And what is it exactly about little boys and their fascination with grime? I was vacuuming this morning, and Yikealo wanted to go outside and blow bubbles on the front steps. The first three times I checked on him, he was blowing bubbles or stomping on bugs or running his hands over our filthy car, but after I'd put the sweeper away, he wasn't on the porch any longer, so I went outside to investigate. As I walked through the garage, he came around the side of the house clutching huge fistfulls of grass that he had yanked out of the lawn. Huh? He dropped them when he saw me, and stood there looking slightly guilty. That's when I noticed that he had dumped half a bottle of bubble solution on the front step, and was covering it up with tufts of grass. I'm not going to notice the big pile of dead grass on my steps? Not to mention the disgusting bits of sticky, soapy grass stuck to your hands? Just how unobservant do you think I am, anyway? I am so glad that I just spent 10 minutes scrubbing underneath your fingernails this morning, and now it looks like I haven't touched them in weeks!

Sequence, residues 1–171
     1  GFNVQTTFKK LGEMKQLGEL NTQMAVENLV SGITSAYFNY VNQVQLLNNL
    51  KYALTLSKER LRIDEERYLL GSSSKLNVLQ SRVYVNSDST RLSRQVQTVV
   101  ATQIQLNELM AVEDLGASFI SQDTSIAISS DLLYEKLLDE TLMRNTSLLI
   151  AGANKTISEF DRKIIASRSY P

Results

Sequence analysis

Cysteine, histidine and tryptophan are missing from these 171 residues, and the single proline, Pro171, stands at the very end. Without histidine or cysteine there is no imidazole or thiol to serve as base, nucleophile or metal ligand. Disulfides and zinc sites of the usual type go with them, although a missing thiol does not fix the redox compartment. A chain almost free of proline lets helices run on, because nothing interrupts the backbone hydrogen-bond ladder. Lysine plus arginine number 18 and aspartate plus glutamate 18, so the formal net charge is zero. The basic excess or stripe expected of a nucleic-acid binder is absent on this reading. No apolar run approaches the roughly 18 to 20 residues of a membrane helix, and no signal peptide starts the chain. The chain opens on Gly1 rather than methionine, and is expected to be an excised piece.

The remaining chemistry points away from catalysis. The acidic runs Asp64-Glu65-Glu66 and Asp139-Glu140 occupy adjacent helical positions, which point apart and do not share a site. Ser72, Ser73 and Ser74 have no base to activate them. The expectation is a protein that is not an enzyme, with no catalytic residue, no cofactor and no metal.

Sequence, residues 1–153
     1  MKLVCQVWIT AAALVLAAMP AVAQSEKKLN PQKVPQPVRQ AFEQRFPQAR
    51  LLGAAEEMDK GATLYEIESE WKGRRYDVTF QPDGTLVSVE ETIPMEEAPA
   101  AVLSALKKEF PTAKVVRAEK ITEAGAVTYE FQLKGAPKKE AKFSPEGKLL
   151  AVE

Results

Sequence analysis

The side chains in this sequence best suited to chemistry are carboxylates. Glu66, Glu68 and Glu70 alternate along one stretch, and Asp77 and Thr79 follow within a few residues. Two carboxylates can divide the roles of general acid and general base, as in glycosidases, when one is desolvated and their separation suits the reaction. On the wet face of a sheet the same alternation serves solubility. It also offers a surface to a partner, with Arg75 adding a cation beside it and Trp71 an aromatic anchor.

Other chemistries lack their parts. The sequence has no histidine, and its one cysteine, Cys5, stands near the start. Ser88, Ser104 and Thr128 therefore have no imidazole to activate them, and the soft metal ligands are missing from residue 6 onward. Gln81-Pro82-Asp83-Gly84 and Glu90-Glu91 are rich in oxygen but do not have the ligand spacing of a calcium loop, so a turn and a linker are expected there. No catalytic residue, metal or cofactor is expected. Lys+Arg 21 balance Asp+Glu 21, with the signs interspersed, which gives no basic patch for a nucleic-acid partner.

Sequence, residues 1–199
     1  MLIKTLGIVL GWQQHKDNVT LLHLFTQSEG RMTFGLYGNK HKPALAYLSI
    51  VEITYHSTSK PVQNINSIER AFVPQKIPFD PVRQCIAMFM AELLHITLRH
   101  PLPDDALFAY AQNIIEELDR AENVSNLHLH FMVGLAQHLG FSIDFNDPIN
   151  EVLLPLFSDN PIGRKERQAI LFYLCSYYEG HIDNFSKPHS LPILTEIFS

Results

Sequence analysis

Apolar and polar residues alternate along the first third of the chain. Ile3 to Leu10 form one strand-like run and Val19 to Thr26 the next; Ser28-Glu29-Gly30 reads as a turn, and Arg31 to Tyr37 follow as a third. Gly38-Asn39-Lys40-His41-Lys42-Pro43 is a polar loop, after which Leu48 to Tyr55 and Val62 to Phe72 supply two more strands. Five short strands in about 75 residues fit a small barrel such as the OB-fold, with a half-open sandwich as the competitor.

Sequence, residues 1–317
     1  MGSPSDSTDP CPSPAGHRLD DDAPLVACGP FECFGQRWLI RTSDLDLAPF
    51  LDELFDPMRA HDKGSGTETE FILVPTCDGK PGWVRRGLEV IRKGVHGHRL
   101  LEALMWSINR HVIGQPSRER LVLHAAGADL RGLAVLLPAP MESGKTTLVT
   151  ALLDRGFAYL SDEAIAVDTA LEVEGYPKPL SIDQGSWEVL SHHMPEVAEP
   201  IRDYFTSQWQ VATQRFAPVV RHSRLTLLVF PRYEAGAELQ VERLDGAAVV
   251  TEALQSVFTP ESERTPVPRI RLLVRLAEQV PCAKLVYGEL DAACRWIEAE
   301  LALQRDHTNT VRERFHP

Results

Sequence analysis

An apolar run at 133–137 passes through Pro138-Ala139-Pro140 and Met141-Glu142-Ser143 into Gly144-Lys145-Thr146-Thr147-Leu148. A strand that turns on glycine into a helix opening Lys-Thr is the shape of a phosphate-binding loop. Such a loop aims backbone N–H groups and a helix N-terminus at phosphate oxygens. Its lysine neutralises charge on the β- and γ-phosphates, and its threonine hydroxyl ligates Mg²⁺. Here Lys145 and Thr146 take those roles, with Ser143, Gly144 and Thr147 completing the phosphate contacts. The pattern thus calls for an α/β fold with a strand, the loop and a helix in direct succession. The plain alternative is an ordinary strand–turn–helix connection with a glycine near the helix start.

We visited my parents again this past weekend, and got a bit of a late start driving back on Sunday evening, so Yikealo drifted off in the car. Here's a cute picture of him and his precious teddy bear Bereket.

Over the last two weeks, we've begun leaving his room before he's asleep at night. We'll usually stay with him for 10 or 15 minutes, and then kiss him goodnight and leave the room, after which he'll generally fall asleep in record time. It's turned into quite a ritual though, because when we leave, we have to say the following to Bereket also: "Bereket, listen to Yikealo. Close your eyes, be quiet, and go to sleep. I love you." Then we have to hug and kiss the teddy bear and place him on his own pillow. Yikealo grins hugely through the whole thing, and then he'll usually try to prolong it by telling us that Bereket needs to go potty or needs a drink. "Sorry son, but I know that Bereket most certainly does NOT need to go potty - now go to sleep!" Of course, Yikealo gets the parting shot: "Why?"